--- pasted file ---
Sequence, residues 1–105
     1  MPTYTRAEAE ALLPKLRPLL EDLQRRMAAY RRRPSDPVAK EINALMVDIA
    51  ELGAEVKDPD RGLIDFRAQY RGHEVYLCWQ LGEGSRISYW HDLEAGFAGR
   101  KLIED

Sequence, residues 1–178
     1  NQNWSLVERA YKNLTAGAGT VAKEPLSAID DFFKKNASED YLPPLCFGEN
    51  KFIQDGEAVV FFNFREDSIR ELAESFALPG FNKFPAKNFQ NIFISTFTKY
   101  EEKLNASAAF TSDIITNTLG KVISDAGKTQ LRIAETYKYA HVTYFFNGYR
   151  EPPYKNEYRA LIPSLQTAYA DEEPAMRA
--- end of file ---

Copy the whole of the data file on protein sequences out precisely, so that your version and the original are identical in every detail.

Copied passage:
Sequence, residues 1–105
     1  MPTYTRAEAE ALLPKLRPLL EDLQRRMAAY RRRPSDPVAK EINALMVDIA
    51  ELGAEVKDPD RGLIDFRAQY RGHEVYLCWQ LGEGSRISYW HDLEAGFAGR
   101  KLIED

Sequence, residues 1–178
     1  NQNWSLVERA YKNLTAGAGT VAKEPLSAID DFFKKNASED YLPPLCFGEN
    51  KFIQDGEAVV FFNFREDSIR ELAESFALPG FNKFPAKNFQ NIFISTFTKY
   101  EEKLNASAAF TSDIITNTLG KVISDAGKTQ LRIAETYKYA HVTYFFNGYR
   151  EPPYKNEYRA LIPSLQTAYA DEEPAMRA